The pedestrian activity was crucial to the economic well-being of the Loop during quarter four of 2022. While an intense winter storm kept people off the streets toward the end of the year, the holiday season still saw spikes in pedestrian activity on State Street in the Loop.
Most notably, October saw the highest weekly averages for pedestrian activity on State Street in the Loop, but the week of November 7 saw the greatest pandemic recovery rate at 85 percent of 2019 levels.
Additionally, on average, pedestrian activity on State Street in the Loop peaked during the afternoon from 2:00 p.m. to 4:59 p.m. This may signal that in addition to office workers, Loop shoppers, tourists, and other visitors are driving the Loop’s economic recovery.
“Coming out of the holidays, we were excited to see a 30 percent increase in traffic from both tourists and returning business professionals,” said Rachel Phipps, Store Director of Target on State Street. “In this coming quarter, we look forward to remaining the convenient destination point for commuters, students, visitors, and families in the Loop to bring joy to everyday life.”
Hotel occupancy in quarter four of 2022 remained high as the holiday season and downtown events brought Chicago residents and tourists to the Loop. The average occupancy rate for quarter four was 85 percent of 2019 levels which signifies the sector’s strength and importance in the Loop economy. While bitter cold and snowy weather may have caused some interruption to holiday travel and stays, the hotel sector has anecdotally reported consistent occupancy throughout the end of 2022.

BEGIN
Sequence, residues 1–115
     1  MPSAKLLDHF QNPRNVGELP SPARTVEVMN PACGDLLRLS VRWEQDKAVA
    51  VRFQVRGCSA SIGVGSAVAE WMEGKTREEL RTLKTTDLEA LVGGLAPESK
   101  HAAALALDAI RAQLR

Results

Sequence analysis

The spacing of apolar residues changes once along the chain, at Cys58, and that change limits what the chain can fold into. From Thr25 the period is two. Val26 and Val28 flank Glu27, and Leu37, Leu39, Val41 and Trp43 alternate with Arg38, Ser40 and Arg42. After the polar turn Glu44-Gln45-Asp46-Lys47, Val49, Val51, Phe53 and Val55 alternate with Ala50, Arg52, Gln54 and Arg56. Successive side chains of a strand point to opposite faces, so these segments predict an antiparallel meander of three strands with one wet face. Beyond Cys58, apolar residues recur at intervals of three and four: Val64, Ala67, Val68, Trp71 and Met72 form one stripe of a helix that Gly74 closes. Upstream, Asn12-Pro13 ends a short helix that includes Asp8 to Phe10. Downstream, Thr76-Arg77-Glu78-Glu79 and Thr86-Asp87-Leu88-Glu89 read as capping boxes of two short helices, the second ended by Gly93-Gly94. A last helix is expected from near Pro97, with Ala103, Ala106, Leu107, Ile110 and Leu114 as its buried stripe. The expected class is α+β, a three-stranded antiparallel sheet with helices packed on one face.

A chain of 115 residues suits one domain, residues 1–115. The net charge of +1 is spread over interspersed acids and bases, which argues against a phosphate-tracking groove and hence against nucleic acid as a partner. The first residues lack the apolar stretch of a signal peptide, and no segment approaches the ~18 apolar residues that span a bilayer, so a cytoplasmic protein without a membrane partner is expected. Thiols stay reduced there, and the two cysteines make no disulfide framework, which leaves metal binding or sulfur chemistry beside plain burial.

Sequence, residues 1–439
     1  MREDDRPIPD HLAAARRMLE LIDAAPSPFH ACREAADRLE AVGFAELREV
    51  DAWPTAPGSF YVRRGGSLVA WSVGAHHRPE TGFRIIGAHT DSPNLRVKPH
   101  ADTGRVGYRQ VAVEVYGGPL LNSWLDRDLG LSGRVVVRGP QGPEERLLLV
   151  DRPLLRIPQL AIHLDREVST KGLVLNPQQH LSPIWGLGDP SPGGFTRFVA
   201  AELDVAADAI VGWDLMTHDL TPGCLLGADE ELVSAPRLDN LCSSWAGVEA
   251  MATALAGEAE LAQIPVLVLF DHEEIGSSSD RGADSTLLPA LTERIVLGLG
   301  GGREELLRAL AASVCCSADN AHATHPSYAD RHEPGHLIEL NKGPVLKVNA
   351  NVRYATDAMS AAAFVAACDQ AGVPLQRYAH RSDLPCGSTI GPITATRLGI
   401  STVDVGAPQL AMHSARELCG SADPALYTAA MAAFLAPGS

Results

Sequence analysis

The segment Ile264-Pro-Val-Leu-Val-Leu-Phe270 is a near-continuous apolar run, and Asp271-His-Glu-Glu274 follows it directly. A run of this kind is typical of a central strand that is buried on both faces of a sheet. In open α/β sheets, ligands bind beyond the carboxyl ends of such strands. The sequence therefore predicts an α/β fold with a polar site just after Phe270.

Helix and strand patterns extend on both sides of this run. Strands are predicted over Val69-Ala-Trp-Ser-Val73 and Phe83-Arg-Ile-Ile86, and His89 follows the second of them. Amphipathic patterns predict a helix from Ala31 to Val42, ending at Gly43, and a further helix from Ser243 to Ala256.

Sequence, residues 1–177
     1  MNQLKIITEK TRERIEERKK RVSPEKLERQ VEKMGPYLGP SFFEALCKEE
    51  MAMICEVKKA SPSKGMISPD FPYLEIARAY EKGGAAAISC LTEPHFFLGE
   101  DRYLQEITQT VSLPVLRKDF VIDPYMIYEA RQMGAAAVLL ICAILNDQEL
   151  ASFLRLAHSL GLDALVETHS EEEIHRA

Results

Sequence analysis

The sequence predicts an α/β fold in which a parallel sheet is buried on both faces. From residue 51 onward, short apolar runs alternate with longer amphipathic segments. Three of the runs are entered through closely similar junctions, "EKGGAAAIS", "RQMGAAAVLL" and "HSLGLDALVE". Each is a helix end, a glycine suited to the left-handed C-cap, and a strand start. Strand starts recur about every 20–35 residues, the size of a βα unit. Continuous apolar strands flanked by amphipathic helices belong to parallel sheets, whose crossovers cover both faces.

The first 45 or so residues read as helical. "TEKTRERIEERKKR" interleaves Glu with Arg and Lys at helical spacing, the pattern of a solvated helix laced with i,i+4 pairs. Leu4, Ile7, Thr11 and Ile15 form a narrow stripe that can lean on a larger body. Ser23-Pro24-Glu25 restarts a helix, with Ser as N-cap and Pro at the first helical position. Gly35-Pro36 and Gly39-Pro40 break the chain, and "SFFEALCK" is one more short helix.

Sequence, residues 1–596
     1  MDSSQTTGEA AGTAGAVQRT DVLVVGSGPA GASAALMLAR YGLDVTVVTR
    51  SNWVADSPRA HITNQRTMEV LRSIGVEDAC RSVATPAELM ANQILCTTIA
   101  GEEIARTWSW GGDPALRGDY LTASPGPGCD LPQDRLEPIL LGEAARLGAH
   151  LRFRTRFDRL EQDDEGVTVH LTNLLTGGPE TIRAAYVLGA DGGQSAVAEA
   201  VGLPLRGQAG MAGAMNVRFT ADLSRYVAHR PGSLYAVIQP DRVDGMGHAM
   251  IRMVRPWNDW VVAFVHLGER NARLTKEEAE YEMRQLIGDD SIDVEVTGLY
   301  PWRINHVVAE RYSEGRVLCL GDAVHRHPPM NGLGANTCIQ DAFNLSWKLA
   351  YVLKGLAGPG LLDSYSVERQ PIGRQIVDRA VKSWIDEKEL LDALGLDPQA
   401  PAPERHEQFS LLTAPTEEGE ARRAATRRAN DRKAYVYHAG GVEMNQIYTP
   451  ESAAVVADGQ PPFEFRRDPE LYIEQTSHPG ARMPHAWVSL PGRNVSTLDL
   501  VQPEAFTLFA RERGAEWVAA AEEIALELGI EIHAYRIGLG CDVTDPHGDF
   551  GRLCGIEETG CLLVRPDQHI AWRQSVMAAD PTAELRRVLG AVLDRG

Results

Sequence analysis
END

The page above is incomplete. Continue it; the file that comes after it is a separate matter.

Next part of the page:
Moving into the new year, the hotel sector will continue to be a leader in the economic well-being of the Loop economy attracting tourists and residents alike to come to experience a slice of downtown Chicago.
“The year ended well at our property after a strong leisure summer; we returned to a more business and corporate fall/winter, with average daily rates continuing to grow closer to 2019 levels,” said Pierre Giacotto, General Manager of The Blackstone Hotel, Autograph Collection. “December was not as strong as we would have liked due to decreased activity in the later portion of the month. Despite city efforts to remedy the perception of safety, many people are still wary. Overall, we would have liked to see more citywide conventions which bring us long-term international travelers, something we all missed in 2022.”
Office occupancy remained on track with other large metros like New York and Los Angeles during quarter four of 2022.